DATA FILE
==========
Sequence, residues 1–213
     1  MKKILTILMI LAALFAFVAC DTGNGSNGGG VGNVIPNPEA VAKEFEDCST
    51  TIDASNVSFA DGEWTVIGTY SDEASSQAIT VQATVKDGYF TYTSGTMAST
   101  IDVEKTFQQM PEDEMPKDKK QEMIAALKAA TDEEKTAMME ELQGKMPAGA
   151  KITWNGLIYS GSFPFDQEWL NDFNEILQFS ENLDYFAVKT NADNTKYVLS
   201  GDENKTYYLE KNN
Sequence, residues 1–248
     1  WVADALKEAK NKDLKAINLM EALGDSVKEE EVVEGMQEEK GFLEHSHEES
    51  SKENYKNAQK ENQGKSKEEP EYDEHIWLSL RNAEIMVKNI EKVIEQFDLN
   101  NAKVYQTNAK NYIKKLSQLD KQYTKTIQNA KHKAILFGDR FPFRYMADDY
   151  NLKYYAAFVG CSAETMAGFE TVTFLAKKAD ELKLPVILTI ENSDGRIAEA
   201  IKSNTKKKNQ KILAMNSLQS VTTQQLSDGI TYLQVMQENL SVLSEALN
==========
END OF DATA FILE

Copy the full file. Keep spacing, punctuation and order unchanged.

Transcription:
Sequence, residues 1–213
     1  MKKILTILMI LAALFAFVAC DTGNGSNGGG VGNVIPNPEA VAKEFEDCST
    51  TIDASNVSFA DGEWTVIGTY SDEASSQAIT VQATVKDGYF TYTSGTMAST
   101  IDVEKTFQQM PEDEMPKDKK QEMIAALKAA TDEEKTAMME ELQGKMPAGA
   151  KITWNGLIYS GSFPFDQEWL NDFNEILQFS ENLDYFAVKT NADNTKYVLS
   201  GDENKTYYLE KNN
Sequence, residues 1–248
     1  WVADALKEAK NKDLKAINLM EALGDSVKEE EVVEGMQEEK GFLEHSHEES
    51  SKENYKNAQK ENQGKSKEEP EYDEHIWLSL RNAEIMVKNI EKVIEQFDLN
   101  NAKVYQTNAK NYIKKLSQLD KQYTKTIQNA KHKAILFGDR FPFRYMADDY
   151  NLKYYAAFVG CSAETMAGFE TVTFLAKKAD ELKLPVILTI ENSDGRIAEA
   201  IKSNTKKKNQ KILAMNSLQS VTTQQLSDGI TYLQVMQENL SVLSEALN